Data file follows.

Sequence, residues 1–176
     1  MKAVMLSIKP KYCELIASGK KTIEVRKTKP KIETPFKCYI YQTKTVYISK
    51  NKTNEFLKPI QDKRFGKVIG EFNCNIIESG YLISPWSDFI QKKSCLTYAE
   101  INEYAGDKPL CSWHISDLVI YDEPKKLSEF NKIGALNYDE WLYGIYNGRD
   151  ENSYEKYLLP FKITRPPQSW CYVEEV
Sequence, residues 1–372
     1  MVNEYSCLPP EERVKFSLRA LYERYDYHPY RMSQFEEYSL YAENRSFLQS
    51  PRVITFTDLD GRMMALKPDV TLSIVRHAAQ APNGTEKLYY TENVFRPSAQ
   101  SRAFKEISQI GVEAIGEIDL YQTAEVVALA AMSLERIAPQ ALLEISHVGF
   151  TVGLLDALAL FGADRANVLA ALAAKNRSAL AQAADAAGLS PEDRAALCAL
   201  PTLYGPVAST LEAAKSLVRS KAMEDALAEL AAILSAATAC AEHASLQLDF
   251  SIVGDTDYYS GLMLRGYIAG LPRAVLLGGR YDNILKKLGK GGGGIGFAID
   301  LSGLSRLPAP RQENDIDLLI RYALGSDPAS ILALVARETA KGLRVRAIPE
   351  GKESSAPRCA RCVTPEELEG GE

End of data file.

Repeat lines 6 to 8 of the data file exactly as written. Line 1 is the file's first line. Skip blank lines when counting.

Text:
Sequence, residues 1–372
     1  MVNEYSCLPP EERVKFSLRA LYERYDYHPY RMSQFEEYSL YAENRSFLQS
    51  PRVITFTDLD GRMMALKPDV TLSIVRHAAQ APNGTEKLYY TENVFRPSAQ